The historical events related to the life and death of Frank Lloyd Wright, Mamah Borthwick, and the fatal fire at Taliesin are true, as is the manner of injury and death of Grigori Rasputin. The landmarks and locations referenced in the novel are accurate. The shower in the Robert Llewellyn house may not be capable of interdimensional transport, however.
As the close reader with a penchant for fact checking will also realize, many other nuggets within the novel also have a basis in truth. For instance, the phrase “Surrender, Dorothy,” really is spray-painted on a bridge over the 495 expressway in Washington, DC. No, not because I put it there—nobody knows how it appears or repeatedly reappears after it has been removed. I’ll leave the discovery of other little truthful tidbits from the novel to the over-curious.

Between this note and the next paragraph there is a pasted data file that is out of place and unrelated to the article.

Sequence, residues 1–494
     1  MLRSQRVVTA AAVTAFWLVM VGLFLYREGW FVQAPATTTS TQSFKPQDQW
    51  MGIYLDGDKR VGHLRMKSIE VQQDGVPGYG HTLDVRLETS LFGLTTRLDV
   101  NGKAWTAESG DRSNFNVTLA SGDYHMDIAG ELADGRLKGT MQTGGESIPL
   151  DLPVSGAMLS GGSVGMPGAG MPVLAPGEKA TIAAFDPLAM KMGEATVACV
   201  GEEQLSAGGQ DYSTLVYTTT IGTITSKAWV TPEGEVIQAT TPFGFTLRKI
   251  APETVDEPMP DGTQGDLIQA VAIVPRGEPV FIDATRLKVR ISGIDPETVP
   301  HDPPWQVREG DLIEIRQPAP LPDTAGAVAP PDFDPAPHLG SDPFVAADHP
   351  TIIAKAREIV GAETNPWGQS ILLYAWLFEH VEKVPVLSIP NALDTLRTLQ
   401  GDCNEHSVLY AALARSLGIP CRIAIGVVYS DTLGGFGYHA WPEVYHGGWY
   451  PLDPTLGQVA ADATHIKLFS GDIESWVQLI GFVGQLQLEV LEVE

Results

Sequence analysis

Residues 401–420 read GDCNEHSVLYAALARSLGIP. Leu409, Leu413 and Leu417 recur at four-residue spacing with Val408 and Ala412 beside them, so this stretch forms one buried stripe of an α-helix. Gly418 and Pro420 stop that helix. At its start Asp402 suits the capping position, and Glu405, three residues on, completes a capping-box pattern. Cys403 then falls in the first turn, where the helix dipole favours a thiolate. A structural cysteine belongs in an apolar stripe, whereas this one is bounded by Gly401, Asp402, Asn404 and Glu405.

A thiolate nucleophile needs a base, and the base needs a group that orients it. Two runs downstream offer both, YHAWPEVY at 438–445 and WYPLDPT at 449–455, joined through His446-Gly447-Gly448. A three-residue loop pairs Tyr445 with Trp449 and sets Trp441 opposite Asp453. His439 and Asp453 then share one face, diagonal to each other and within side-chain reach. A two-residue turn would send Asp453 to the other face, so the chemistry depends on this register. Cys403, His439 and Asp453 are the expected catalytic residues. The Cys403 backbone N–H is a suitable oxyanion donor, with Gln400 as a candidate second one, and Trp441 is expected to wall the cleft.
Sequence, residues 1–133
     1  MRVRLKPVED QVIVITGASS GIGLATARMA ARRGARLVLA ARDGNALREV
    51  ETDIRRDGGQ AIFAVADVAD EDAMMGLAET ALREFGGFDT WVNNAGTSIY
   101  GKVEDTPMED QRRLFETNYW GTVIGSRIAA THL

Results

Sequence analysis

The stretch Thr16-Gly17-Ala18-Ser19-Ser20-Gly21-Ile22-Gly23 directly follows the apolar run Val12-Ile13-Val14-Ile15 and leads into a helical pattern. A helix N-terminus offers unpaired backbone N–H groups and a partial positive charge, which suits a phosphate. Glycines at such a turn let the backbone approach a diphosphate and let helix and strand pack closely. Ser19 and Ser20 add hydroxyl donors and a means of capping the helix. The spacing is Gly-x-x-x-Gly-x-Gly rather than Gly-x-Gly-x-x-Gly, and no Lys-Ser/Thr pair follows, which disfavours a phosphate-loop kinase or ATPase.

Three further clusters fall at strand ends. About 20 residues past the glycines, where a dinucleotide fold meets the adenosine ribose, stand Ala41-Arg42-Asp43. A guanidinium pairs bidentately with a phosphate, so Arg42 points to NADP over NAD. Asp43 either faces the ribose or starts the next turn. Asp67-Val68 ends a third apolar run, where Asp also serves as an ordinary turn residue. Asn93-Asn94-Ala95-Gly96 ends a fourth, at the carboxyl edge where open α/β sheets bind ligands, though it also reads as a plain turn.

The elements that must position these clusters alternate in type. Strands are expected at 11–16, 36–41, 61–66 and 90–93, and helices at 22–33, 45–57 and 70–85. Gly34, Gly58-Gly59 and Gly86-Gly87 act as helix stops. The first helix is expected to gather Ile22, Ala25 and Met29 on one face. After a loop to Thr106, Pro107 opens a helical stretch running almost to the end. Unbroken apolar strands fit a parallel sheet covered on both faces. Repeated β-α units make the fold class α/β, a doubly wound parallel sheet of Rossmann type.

I wish to extend my heartfelt appreciation to my great friend and technical consultant, Dr. James Droesch, for his expert assistance regarding all things nautical. Any technical inaccuracies are due, I am sure, to my own inability to take his expert advice. A debt of gratitude is also owed to Kristen Droesch for her excellent editorial assistance.
As always, I could accomplish nothing of substance without the continued support and indulgence of my cherished wife, Sheri Ford. Thank you for everything. Thank you also to the kindly, helpful, and nonjudgmental advice of my alpha, beta, and gamma readers, my children Kaitlin, Sarah, and Ethan.
God bless you, dear reader.